She calls herself an introvert, but very few others who know Juanita Baranco would use that word to describe her. Executive, attorney, advocate, community activist, wife, mother, and leader are just a few of the words that can be used to describe her. On June 5, 2021, she will add Georgia Trustee to her already impressive resume when she is inducted by the Governor and the Georgia Historical Society alongside David Abney and receive the highest honor the State of Georgia can confer.
To know Juanita Baranco you must understand what drives her and has motivated her throughout her life to reach and accomplish what few can envision. The ideals of equity and justice frame the lessons she learned at a young age growing up in a strong family of grandparents, aunts, uncles, and most especially, her parents.
Juanita’s mother, Evelyn Evans Powell, was a home economist by training and taught English, mathematics, and special education. Originally from Grenada, Mississippi, and only two generations removed from slavery, Evelyn was a pioneer in her own right who left home at age 13 armed with an eighth-grade education to put herself through high school in Greenville, Mississippi, and later through Clark College (now Clark Atlanta University).
Evelyn’s parents, Albert and Lessie Evans, owned 400 acres of land, a significant amount for Mississippians of color at that time. Their pride as landowners and their frequent need to defend the land would figure prominently in developing Juanita’s world view on the relationship between property ownership and freedom.
Juanita’s father, Jerome Powell, was a budding young lawyer from Shreveport, Louisiana, the son of Mattie and Solomon E. “Sol” Powell, Sr. Sol was a prominent leader in Shreveport’s Black community. He was the first African-American physician in the small southern city, in addition to his other business and real estate holdings.
Juanita was born in Washington, D.C., on March 19, 1949, the youngest of three children and the only girl. As college graduates, her parents impressed upon her the importance of a good education. When Juanita was four, the family moved to Shreveport to be near her paternal grandparents and to assist with caring for Grandfather Sol.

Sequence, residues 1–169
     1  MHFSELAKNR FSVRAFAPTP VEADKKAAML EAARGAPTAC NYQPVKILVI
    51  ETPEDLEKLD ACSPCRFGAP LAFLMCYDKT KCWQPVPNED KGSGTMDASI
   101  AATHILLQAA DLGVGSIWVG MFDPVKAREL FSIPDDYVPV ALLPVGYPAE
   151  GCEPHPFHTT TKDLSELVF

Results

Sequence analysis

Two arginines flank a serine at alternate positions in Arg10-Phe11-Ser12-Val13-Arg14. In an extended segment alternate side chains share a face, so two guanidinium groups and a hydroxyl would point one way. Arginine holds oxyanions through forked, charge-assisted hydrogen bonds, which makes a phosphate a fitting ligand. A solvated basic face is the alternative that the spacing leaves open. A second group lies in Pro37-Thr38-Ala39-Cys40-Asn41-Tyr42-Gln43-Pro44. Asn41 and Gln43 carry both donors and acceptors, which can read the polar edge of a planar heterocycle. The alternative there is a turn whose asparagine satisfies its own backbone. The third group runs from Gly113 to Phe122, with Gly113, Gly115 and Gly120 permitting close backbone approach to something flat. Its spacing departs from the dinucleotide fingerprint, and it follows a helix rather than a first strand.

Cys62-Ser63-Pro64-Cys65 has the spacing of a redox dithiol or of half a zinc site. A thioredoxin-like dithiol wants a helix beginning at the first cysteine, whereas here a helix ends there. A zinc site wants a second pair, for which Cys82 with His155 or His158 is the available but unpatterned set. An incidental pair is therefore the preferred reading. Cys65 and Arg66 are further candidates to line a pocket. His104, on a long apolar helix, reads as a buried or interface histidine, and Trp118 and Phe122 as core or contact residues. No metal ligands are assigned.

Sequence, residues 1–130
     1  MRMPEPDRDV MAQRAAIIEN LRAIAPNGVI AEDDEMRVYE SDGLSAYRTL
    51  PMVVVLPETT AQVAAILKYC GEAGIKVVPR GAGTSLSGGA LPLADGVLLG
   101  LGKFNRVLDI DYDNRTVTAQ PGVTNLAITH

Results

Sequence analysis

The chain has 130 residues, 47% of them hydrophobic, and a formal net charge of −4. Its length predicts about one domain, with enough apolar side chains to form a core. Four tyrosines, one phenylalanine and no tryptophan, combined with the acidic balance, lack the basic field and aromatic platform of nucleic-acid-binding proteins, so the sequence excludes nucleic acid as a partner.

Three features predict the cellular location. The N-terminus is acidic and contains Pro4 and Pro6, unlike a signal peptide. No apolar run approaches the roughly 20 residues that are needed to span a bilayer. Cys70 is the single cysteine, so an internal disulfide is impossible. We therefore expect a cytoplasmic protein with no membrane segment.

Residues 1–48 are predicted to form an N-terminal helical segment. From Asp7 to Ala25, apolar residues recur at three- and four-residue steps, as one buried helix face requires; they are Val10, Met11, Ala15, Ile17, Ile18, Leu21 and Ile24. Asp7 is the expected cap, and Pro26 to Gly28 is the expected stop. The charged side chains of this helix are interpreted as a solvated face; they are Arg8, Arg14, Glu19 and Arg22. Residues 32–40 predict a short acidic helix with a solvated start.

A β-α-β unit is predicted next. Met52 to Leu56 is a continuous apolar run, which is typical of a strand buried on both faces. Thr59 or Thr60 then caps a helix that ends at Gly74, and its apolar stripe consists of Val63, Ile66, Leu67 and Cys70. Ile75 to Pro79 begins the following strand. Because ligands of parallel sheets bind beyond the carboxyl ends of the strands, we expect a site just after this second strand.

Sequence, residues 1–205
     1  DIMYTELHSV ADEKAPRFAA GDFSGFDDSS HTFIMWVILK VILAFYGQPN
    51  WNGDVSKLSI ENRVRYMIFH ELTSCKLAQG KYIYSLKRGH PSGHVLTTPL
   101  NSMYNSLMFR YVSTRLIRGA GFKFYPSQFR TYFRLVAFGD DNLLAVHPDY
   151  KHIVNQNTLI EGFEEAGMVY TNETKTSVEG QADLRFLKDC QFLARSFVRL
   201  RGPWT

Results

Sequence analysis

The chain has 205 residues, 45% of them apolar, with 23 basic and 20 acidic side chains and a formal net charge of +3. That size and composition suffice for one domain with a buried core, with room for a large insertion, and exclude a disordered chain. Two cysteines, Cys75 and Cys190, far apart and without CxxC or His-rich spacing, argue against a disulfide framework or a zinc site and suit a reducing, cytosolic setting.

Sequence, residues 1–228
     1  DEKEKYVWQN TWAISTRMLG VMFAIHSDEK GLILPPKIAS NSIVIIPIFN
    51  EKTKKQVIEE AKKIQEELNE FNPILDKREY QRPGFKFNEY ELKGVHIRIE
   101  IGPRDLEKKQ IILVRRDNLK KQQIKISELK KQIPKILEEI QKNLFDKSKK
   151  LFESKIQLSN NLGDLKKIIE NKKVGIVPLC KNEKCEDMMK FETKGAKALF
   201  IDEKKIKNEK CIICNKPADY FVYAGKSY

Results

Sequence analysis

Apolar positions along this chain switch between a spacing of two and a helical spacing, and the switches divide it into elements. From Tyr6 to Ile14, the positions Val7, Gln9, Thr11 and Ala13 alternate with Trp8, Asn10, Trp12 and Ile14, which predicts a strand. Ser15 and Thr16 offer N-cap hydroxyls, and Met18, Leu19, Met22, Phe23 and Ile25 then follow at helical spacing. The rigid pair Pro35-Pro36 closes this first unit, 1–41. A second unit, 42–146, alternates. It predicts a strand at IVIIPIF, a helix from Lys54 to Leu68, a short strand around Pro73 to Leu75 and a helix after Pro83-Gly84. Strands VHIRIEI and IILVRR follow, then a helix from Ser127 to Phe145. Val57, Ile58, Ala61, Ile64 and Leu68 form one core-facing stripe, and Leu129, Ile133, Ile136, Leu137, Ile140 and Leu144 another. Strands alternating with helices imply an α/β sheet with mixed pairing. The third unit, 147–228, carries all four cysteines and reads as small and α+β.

She recalls those early years in Shreveport fondly. Her other early influencers, in addition to her parents and grandparents, were her teachers in her segregated Shreveport schools, beginning with Central Free Methodist School, where her love of learning, especially reading, took root. “In kindergarten, Miss Herd would let us read until we got to a word we couldn’t pronounce. I was a good reader, but one day there was a word I just did not know. I was almost in tears over this word, but, she encouraged me, saying, ‘sound it out, you can do this,’ and I did. The word was phenomenal, and I did it. It raised my confidence and because Ms. Herd took the time to build me up, to see the potential in me, I knew that I had everything in me that I needed to make it in life.”
After Central Free, Baranco attended Notre Dame Catholic High School, where she was an exemplary student and Salutatorian of her graduating class. She graduated at sixteen at the height of the Civil Rights Movement and was heavily influenced by the writings of James Baldwin, Richard Wright, and Dick Gregory, whom she would later meet.
Much of her first two years at LSU were spent involved in the Movement, including the decision to attend the state school and not one of the many Historically Black Colleges and Universities (HBCU). “We weren’t told, but we felt like it was our civic responsibility to continue to integrate these universities,” she says. Baranco recalls that her parents sheltered her from much of the racism occurring around her in Shreveport. She recalls with fondness the five-hour car trips the family made to Mississippi to visit her maternal grandparents. “We always took a picnic lunch and if we had to use the restroom we stopped on the side of the road, never knowing that it was because we weren’t allowed in the restaurants and restrooms along the way.”